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Sports headlines 
Friday, Oct. 01, 1999
   Southeast Classic at Mahoney Park.
 Fearless Walsh
 Watson lifts East to 2nd straight win
 Superstar student Shaw is the model role model
   Northeast's Mercer sheds defensive label on court
 "Disgruntled" Evans considers transfer to Northern Iowa
 Plainsmen off to best-ever soccer start at 10-0
 It's a snap



Superstar student Shaw is the model role model


By John MabryMom and Dad, it's OK to buy those No. 12 Bobby Newcombe jerseys for the kids. And if they want to idolize Eric Crouch, fine. Newcombe and Crouch are both excellent role models.

But if you're taking the little Huskers to Saturday's game, make sure you tell them about Brian Shaw, the senior linebacker who wears No. 46.

He's what it's all about.

In a little more than four years at Nebraska, Shaw has been a significant contributor to the football program.

He came to NU from Sandy Creek High as a walk-on in 1995. After redshirting his first year, Shaw played in every game for the '96 Huskers. He started eight games for the NU team that won a national championship in 1997. He had 39 tackles in '98 and has six this season while sharing time with fellow senior Tony Ortiz.

But football stats reveal little about Brian Shaw. They don't tell you there's something Shaw hits harder than quarterbacks.

Books.

Few student-athletes have left the University of Nebraska-Lincoln with a record of academic excellence close to what Shaw is putting together. In December, he will graduate with bachelor's degrees in animal science and agricultural economics.

His cumulative grade-point average is 4.0. Not 3.87. Not 3.92.

4.0.

I'm no animal scientist, but I believe that means Shaw has been perfect in the classroom for four years.

The story behind the student is just as clean. When you think about it, it's really the story of Big Red football as it's supposed to be.

Farm boy leaves small Nebraska town (Deweese), walks on at NU, helps Huskers win national championship, excels in the classroom, excels in the community, has day named in his honor.

Yes, it will be "Brian Shaw Day" at Memorial Stadium on Saturday when the Huskers host Oklahoma State. Shaw will be honored as a Burger King College Football Scholar Athlete before the game. The fast-food corporation will present $10,000 to the university's general scholarship fund in Shaw's name.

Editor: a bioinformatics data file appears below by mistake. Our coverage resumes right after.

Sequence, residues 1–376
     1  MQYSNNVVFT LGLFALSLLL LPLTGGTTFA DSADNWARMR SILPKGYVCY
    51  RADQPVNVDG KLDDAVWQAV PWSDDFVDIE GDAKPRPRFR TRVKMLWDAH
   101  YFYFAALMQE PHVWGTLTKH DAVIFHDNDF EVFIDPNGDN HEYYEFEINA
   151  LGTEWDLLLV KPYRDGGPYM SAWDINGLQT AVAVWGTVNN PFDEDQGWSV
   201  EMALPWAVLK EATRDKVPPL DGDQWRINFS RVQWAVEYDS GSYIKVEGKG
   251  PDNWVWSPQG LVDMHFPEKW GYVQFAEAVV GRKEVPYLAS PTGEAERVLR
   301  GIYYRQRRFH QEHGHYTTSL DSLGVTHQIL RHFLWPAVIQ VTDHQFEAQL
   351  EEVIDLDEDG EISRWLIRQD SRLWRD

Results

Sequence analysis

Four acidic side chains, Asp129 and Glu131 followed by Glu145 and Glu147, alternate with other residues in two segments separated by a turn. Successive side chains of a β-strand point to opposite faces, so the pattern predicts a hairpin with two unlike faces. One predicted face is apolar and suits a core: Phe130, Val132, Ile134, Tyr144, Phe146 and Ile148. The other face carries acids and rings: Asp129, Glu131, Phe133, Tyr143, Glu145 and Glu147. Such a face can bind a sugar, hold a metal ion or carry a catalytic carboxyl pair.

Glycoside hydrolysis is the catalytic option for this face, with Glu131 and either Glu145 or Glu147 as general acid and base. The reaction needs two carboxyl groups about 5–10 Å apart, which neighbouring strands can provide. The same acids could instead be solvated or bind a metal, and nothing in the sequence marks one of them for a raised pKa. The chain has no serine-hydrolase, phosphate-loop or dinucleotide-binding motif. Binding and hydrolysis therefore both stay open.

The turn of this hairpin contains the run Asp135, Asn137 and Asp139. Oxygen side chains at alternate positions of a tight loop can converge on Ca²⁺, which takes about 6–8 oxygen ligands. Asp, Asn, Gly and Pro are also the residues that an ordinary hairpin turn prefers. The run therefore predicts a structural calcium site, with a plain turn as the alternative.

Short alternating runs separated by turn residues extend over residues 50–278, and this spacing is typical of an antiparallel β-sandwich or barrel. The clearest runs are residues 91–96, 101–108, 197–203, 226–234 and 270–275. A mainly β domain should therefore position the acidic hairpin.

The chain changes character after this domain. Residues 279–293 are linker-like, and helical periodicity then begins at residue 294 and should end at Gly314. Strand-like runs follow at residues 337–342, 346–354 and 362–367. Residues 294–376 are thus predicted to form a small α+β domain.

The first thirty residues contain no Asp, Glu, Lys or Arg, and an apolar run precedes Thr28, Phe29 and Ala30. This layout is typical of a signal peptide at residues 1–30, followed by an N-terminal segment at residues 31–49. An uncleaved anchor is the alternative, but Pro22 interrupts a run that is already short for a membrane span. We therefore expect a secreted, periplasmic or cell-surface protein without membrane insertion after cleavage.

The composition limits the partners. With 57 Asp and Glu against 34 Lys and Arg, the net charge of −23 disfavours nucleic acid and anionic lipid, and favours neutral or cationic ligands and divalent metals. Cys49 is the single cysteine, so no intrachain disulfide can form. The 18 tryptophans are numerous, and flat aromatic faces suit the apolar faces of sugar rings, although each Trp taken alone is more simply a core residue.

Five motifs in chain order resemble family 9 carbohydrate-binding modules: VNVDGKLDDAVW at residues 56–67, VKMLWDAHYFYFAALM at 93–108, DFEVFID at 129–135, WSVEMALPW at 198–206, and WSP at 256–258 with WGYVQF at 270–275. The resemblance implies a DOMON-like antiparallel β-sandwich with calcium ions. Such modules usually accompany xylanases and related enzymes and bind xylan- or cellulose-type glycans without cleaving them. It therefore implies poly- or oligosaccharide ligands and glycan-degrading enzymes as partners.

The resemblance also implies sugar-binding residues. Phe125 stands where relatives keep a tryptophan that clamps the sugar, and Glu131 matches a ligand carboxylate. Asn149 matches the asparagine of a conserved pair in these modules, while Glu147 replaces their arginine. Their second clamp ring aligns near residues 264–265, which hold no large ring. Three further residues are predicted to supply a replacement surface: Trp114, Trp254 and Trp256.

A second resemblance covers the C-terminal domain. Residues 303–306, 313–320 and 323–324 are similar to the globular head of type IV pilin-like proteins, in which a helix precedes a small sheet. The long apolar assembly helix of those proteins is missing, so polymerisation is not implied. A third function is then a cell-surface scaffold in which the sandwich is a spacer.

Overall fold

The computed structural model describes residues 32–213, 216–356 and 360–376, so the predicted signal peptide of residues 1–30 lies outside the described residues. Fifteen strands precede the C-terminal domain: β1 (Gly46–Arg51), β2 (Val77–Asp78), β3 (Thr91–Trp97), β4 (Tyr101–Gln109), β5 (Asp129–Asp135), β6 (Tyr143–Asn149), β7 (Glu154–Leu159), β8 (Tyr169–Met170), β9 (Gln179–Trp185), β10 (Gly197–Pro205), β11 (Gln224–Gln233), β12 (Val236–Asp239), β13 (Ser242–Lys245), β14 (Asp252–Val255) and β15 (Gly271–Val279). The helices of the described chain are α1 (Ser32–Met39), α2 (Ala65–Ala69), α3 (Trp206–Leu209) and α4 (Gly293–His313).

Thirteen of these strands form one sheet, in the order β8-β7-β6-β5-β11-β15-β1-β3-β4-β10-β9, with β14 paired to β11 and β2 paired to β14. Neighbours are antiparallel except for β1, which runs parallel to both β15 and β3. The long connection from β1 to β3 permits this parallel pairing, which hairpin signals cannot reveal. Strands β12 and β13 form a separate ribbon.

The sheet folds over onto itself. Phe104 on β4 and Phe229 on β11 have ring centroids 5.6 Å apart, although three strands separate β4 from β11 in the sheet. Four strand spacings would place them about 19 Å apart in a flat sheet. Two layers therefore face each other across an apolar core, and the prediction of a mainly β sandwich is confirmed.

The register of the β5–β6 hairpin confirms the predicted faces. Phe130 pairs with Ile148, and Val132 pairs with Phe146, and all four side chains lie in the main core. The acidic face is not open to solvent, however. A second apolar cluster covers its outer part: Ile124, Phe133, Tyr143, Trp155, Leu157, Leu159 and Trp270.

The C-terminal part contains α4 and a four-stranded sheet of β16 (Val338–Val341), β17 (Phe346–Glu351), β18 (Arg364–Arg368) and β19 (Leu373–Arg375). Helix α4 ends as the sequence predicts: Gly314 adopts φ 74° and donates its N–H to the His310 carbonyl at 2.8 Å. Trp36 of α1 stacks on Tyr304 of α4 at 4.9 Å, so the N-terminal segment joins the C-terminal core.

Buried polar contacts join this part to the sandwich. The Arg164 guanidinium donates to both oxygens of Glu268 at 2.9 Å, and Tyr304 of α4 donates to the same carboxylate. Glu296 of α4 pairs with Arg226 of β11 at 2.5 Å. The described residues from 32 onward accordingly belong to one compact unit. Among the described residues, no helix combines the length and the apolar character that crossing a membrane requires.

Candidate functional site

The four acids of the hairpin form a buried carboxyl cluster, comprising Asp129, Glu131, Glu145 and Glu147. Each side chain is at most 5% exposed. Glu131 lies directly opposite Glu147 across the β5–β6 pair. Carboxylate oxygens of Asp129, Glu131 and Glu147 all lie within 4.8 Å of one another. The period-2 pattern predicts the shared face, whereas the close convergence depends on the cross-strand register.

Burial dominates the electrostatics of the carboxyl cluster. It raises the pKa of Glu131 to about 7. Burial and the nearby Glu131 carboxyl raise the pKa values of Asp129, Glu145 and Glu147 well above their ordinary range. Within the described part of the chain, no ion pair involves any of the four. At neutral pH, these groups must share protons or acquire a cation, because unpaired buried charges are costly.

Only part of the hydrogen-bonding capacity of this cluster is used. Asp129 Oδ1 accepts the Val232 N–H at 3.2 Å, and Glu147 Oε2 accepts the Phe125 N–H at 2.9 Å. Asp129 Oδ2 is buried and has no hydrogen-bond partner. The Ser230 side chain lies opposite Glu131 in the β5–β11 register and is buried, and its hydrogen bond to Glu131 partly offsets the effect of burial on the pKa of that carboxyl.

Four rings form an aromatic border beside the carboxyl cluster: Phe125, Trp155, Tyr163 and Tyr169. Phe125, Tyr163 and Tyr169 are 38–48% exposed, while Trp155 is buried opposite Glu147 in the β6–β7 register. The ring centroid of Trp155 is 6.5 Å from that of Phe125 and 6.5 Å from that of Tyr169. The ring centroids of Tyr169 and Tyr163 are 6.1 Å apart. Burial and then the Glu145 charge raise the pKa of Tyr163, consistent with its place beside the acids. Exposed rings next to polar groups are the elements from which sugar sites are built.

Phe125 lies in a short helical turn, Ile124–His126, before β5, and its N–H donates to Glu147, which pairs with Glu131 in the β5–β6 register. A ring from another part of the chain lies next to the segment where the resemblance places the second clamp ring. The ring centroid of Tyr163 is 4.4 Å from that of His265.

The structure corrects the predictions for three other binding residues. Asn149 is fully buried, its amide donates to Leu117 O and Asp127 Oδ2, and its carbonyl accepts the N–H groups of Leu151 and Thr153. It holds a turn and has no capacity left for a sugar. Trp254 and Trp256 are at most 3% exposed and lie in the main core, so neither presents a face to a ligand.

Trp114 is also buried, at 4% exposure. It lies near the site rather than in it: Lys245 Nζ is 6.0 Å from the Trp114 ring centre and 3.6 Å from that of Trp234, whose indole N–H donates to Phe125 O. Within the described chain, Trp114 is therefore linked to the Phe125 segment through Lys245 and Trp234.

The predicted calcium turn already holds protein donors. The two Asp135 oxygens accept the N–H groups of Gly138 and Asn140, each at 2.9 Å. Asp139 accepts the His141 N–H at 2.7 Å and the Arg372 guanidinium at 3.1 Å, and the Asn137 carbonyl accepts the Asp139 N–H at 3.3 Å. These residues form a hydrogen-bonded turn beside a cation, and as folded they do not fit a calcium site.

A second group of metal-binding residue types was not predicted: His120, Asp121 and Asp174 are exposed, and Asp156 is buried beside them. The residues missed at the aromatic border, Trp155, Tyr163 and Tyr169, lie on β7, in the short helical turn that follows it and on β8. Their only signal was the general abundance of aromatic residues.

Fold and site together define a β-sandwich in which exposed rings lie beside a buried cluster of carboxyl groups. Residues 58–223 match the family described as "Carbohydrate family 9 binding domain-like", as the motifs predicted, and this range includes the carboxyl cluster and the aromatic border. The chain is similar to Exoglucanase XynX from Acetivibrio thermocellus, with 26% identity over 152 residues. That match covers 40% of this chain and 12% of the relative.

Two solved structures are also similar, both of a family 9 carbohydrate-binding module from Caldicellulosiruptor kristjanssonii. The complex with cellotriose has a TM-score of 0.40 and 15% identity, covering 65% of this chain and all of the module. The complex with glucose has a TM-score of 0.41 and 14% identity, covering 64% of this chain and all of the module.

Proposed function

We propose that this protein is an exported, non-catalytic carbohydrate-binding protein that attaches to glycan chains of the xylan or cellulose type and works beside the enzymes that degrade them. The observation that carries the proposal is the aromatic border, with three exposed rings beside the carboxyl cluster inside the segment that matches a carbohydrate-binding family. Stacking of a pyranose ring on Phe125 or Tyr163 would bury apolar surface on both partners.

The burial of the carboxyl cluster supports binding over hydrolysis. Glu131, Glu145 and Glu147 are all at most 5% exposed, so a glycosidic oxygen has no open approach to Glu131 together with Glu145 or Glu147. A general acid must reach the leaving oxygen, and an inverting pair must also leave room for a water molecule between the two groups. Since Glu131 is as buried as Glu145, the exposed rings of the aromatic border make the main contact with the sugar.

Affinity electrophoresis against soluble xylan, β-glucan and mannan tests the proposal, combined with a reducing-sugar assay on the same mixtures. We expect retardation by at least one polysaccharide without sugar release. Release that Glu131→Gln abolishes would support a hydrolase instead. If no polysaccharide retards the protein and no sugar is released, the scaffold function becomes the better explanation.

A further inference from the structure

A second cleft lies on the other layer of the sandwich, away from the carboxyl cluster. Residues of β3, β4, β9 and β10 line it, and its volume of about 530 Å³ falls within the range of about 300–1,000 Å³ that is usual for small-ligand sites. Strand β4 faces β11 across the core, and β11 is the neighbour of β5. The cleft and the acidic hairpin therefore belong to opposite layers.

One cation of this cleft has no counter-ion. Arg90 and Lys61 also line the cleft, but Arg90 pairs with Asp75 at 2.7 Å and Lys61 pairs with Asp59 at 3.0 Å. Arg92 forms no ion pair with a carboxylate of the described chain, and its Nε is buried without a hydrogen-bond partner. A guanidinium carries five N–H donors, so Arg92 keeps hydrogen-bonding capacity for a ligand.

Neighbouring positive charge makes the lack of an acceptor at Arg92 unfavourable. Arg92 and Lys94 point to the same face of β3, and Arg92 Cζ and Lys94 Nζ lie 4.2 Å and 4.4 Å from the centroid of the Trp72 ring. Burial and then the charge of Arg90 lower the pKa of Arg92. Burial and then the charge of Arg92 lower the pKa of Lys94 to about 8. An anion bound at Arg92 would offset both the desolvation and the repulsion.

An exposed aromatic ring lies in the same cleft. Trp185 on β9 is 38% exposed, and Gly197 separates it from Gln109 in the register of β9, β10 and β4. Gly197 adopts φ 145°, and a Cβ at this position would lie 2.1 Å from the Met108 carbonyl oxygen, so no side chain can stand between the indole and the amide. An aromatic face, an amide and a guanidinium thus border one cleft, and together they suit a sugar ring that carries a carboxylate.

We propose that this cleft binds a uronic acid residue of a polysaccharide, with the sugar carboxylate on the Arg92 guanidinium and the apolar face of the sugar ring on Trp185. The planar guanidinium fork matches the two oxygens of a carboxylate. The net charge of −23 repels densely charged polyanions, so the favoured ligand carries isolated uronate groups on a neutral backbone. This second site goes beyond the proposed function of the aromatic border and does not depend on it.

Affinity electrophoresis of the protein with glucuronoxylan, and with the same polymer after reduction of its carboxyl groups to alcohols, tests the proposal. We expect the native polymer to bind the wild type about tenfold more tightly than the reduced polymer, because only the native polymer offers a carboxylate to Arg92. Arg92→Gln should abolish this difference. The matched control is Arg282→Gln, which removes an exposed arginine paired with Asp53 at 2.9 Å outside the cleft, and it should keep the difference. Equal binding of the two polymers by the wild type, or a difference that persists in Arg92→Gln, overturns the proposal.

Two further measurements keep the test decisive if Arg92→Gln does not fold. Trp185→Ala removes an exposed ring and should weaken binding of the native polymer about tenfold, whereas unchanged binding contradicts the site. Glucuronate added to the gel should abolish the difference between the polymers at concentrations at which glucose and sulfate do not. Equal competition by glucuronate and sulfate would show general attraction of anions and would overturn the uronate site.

More proof that Steve and Kathy Shaw did all right with Brian.

"He would be the classic case for people looking for a guy who is truly a student-athlete," Husker linebackers coach Craig Bohl said. "He's excelled in the classroom, and he's excelled on the football field. He's been able to balance that whole juggling act, and I don't think he's short-changed either side." Shaw's professors are equally amazed.

"He just has a unique capacity to absorb material," said Dr. Phil Miller, associate professor of animal science. "He's been recognized as the top student in the major.

"He's not a flashy guy. He just wants to learn." Dr. Jim Kendrick, professor of agricultural economics, has had Shaw in two classes, "and he easily topped the class in both. I don't know where he finds the time." So where does he find the time?

"I know that I should put in so many hours of studying during the week," Shaw said, "and I need to put in so much time watching (game) films and so much time in the weight room.

"There's only so much time in the day, so managing it is one of the biggest keys to doing well." Keith Zimmer, NU's associate director of academic programs and student services, rates Shaw as one of his department's all-time superstars. Zimmer, who has been in academic support at NU for 12 years, said former Husker offensive lineman Rob Zatechka, a standout in biological sciences, is the only other football player with a resume equal to Shaw's.

"When you think about what we're asking students to do -- with athletics, academics and community work -- he's really done them all well," Zimmer said. "He's been a dream." In addition to his athletic and academic excellence, Shaw reads to kids at Lincoln grade schools, visits area hospitals and talks to high school students in the state about the importance of an education.

Shaw's education is going to take him as far as he wants to go. He isn't sure about what he wants to do when the semester ends. He might work on an MBA. He might see what kind of job offers come his way.

"He could pretty much do anything he wants," Dr. Miller said.

Someday, Shaw wants to take over the family farm in Deweese, which is about 30 miles southeast of Hastings.

"Eventually I want to end up back on the farm," Shaw said. "It's in my blood." I'd like to know kind of blood that is.

Bet it's type A.

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